Another Idaho trip, I rigged up my tenkara rod with a Chubby and drifted it down a riffle into the head of a massive pool. The riffle filtered into a run before the flow encountered a house-sized boulder and turning 90-degrees. Dead-drifting the fly perfectly along flow seams fooled big fish where they had been educated by a generous number of anglers previously.
You know when you get that “any moment” feeling when the drift is just right? At that moment, the brilliant, buttery glow of a cutthroat would rise from beneath and roll on the fly, hooking perfectly in the corner of the jaw. The throb of a heavy cutthroat against a tenkara rod in fast water feels nothing short of a spiritual experience.
Mountain streams tend to wash away the burdens of the day and fortify the soul. Songbirds, deer, chipmunk and squirrel, the roar of the stream and humidity of the transpiring forest canopy engulf our worries. We find ourselves lost in our natural habitat, having escaped reality, if only for a brief time. Mountain time is timeless, yet tangible. Cleansing. A reset for bruised souls amid hardship like a pandemic and social unrest.
Wild trout and mountain streams are everyone’s resource in which to seek joy and solace, July being a prime month. Be it the Minam, Lostine, Wallowa, or somewhere further flung in Montana, California or Appalachia, John Gierach could not have said it better – there is no shortage of good days on wild trout water. We could all use a few more good days.
You recognize the name, but shrug with indifference at its mention. In mint condition, their shotguns compare not to the finer side-by-sides of the past. They sell for pennies on the dollar relative to the spendy, yet (occasionally) affordable names like Fox and L.C. Smith, and may as well be a door prize for simply viewing a Parker. Although less glamorous, the single-shot Harrington and Richardson (H&R) shotgun may arguably be one of the simplest and most prominent firearms to grace American hunting and shooting history.
H&R boasts an ornate heritage dating back to the inception of the company in 1871 as Wesson and Herrington in Worcester, MA. Established by Gilbert H. Harrington and William A. Richardson, the manufacturer we know as H&R was not so named until 1877. Harrington supposedly bought out Dan Wesson’s investment and re-branded with Richardson, carrying the H&R name and parent operation through 1986. Their doors remained closed until 1991 when a new company started under the name H&R 1871.
H&R was known into the 1880s for their revolvers, but evolved quickly to manufacture shotguns and rifles with dozens of different models. But the name as I and many others have come to know is married to their single-shot shotguns.
In 1901, H&R produced their first single-shot, the Model 1900. A series of small-bore .410 single-shots followed, chambered in two-inch in 1911, the Model 1915 chambered in 2.5-inch, then a three-inch chambering in 1937. It appears the more commonly known “Topper” model name did not appear until the 1940s.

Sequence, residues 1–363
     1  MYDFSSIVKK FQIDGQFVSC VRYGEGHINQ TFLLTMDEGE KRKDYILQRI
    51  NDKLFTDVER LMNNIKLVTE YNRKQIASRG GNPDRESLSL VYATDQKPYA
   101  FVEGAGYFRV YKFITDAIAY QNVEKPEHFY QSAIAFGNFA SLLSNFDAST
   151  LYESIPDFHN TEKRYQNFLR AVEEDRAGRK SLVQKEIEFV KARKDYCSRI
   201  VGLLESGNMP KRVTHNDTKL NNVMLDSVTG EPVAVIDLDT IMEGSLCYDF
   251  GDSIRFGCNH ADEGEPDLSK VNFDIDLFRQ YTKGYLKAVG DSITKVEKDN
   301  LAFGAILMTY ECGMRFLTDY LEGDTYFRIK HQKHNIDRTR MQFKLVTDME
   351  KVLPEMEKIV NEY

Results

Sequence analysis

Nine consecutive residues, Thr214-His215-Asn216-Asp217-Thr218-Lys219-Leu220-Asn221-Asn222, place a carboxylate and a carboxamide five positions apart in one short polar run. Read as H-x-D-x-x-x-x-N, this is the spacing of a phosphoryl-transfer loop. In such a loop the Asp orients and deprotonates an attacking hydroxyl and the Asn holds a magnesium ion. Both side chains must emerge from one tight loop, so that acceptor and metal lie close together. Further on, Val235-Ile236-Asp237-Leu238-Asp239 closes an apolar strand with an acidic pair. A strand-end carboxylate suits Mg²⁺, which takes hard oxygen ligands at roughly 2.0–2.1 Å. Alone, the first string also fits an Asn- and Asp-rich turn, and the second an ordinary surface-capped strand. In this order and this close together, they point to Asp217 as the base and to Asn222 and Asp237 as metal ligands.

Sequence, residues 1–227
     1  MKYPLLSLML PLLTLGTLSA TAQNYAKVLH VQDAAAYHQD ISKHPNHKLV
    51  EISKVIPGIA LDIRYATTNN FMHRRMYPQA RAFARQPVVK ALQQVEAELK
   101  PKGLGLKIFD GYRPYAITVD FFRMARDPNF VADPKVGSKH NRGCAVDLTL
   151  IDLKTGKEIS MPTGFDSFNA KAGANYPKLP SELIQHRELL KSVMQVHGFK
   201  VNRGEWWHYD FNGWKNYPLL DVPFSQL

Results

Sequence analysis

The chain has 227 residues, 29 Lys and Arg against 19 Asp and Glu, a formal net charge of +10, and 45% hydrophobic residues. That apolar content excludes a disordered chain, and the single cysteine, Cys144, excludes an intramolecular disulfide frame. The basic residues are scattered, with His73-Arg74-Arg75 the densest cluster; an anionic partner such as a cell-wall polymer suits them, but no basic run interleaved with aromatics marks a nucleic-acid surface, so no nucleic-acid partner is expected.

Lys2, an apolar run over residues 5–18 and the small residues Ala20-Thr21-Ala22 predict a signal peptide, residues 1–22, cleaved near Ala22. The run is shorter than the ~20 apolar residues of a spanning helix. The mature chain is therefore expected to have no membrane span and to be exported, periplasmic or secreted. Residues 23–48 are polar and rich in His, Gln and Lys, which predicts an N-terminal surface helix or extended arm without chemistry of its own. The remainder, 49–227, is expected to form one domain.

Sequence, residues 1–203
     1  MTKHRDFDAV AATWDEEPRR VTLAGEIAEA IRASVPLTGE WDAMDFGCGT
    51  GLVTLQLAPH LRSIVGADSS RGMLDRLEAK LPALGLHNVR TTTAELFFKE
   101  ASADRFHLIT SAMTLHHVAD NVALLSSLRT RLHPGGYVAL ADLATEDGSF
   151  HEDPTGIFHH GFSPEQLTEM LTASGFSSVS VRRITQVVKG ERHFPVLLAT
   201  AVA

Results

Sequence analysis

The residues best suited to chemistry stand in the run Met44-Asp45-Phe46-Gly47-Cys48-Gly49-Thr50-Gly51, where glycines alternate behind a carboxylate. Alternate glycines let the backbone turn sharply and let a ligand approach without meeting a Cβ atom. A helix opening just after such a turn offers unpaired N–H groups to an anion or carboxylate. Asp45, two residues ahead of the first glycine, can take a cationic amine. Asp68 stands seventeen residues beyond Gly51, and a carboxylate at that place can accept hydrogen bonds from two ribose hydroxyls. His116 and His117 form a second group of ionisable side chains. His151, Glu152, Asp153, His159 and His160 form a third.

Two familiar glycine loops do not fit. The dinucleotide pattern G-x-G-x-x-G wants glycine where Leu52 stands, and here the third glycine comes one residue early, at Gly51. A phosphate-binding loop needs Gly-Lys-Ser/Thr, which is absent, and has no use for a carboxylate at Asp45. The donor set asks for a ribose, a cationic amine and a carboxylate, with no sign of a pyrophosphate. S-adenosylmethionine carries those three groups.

The H&R Topper Model 158 (Topper 158) was manufactured between approximately 1962 and 1973, becoming the shotgun many of today’s hunters associate with the H&R name. While this model was chambered in everything from .17 to .300 magnum caliber, smooth bores appear to be most common.
The Topper 158, like its predecessors, carried a hardwood stock, but the rubber butt pad didn’t appear before this model, according to vintage advertising. Their actions were color case hardened, boasting a beautiful tiger-like, almost holographic striping. Twelve, 16, 20 gauge and .410 bores were available with barrel length ranging from 28- to 36-inches and housing an immaculate shell ejector. The 28-inch barrel package weighed a scant 5.5 pounds. The forearms on early models were held tight to the barrel with a center screw, which was changed to a sleeker clip-in mechanism in 1971.
These guns may not have been dazzling, but their reputation as lightweight, reliable and affordable, led to hundreds of thousands of sales while in production. Original cost for a standard Topper shotgun was listed at $28.50 in 1957, and the Topper 158 at $36.95 in 1971, according to vintage advertising.
Present day value for a used Topper 158 in excellent conditions runs between $150-225, but monetary value does little justice for the antiquity of these “working class” scatterguns. But as W.E. (Bill) Goforth said in his in-depth volume on the H&R company, firearms enthusiasts are led to “…the belief that the value of a collectible firearm is measured by its cost.” This dismisses historical relevance, allowing monetary value alone to determine the “worth” of a firearm, exemplified by H&R.